Monday, March 12, 2001

Huggins finally cracked the code




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        Bob Huggins typically errs on the side of optimism in evaluating his team's prospects for the NCAA Basketball Tournament. You take his projections with a grain elevator of salt, subtract a couple of ladder rungs for the last-minute lobbying of a biased observer, and arrive at a prediction customarily more conservative and inevitably more accurate.

        Except for now.

        Huggins had the selection committee nailed Sunday afternoon, and he was one of the few around Shoemaker Center who wasn't at least a little surprised. The Bearcats remain unranked in the polls, unremarkable in the frontcourt, and stand only 31st in the RPI.

        Had the selection committee assigned seedings corresponding to a team's RPI position, the Bearcats would have commanded a No. 8 seed. Instead, they have been treated as one of the nation's top 20 teams and received a promising draw in the West Regional — a first-round game against Brigham Young; a prospective second-round match with Indiana or Kent State.

        Someone evidently saw something in the Bearcats that wasn't obvious to everyone. Either that, or the committee has tired of Huggins' tirades.

        “I was shocked to see a five seed,” UC center Donald Little said. “I was expecting an eight seed or a seven seed.”

        “I thought we'd be about a six or seven,” said swingman Leonard Stokes, “since we lost yesterday.”

        (Since most of the Bearcats were unable to identify Brigham Young as the essential Mormon, soliciting their opinions might be a dubious idea. Still, all of them seem to understand that their road to the Final Four has fewer obstacles than it might).

        Huggins' calculations were based on the belief that the committee places a premium on recent performance — it does — and that the surprising results in many conference tournaments would mitigate UC's loss to Charlotte in Sat urday's Conference USA championship.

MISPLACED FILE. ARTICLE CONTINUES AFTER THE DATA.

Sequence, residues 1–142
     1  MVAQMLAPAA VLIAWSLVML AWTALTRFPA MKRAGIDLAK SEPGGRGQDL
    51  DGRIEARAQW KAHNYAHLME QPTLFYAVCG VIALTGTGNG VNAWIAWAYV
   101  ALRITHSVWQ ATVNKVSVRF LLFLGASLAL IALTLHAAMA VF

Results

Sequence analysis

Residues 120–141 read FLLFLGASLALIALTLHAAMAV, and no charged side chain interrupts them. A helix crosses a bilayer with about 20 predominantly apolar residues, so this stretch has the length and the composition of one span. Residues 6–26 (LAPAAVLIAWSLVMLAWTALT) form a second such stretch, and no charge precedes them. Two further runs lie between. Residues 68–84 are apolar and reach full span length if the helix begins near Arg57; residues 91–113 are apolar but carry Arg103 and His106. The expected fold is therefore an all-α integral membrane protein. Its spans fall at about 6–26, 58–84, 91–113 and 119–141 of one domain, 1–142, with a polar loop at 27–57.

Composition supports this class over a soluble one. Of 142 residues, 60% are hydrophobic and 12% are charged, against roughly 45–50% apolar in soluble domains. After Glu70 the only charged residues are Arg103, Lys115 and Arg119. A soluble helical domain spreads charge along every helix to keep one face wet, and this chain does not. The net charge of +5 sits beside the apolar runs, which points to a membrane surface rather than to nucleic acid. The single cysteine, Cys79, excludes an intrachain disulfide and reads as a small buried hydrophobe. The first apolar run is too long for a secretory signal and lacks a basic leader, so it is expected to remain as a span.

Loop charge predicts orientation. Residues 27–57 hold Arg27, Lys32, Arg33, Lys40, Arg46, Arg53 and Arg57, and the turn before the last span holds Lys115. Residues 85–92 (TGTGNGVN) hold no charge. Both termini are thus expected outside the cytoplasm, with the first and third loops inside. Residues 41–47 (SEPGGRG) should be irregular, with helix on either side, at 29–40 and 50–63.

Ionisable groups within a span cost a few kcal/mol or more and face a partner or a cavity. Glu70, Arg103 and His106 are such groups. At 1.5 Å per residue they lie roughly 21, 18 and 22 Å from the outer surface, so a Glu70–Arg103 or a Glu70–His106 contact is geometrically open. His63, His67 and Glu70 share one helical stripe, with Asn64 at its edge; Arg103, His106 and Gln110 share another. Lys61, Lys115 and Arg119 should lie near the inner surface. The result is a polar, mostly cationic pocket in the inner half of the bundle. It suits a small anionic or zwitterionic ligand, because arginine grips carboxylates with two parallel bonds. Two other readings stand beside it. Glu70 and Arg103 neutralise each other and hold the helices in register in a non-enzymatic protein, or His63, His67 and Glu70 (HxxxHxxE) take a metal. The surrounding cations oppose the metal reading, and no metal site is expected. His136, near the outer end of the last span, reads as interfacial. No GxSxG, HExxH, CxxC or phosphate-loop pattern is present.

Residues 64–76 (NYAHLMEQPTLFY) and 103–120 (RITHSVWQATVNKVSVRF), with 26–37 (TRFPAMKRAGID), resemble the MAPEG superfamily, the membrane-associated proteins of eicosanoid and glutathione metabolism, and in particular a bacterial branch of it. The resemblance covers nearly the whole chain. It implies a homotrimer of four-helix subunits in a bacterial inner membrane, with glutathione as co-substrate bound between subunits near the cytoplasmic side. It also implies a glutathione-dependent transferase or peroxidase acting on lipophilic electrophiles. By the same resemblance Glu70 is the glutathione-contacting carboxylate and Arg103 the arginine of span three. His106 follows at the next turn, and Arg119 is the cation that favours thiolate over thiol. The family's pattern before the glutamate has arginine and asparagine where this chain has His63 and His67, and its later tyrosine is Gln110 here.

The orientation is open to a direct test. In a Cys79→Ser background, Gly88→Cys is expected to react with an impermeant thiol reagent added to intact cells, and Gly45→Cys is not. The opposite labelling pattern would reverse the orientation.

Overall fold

“I've been trying to tell people that with all the upsets and everything that was going on, that would push us up,” Huggins said. “I thought we'd be a five, no lower than six, but I've been wrong every year.”

        Sunday's bracket would suggest Huggins has finally cracked the code.

        Whether the seedings will stand up to scrutiny three weeks from now is speculative, but the difference between a No. 5 seed and a No. 8 seed can be considerable. If the Bearcats are able to advance, they could not face top-seeded Stanford until the Regional semifinals in Anaheim. If eighth-seeded Georgia Tech beats St. Joseph's Thursday night, the Yellow Jackets would likely face Stanford Saturday.

        Since 1980, 15 teams seeded fifth or higher have reached the Final Four, but only one (11th-seeded LSU, 1986) has made it with a seed higher than eighth. The law of averages does not always prevail, but that's the way to bet.

        “I don't know if it (the seed) makes that much difference,” Huggins said. “It's more a matter of the style you play and who you play against.”

        Two years ago, lacking a legitimate 3-point shooter, Huggins' main hope was to avoid Temple's matchup zone. UC lost to the Owls in the second round.

        The previous year, Huggins feared pressing teams, and wound up watching his team suffocated in the second round by West Virginia.

        UC's luck of the draw looks better this time around.

Cincinnati.com tournament coverage



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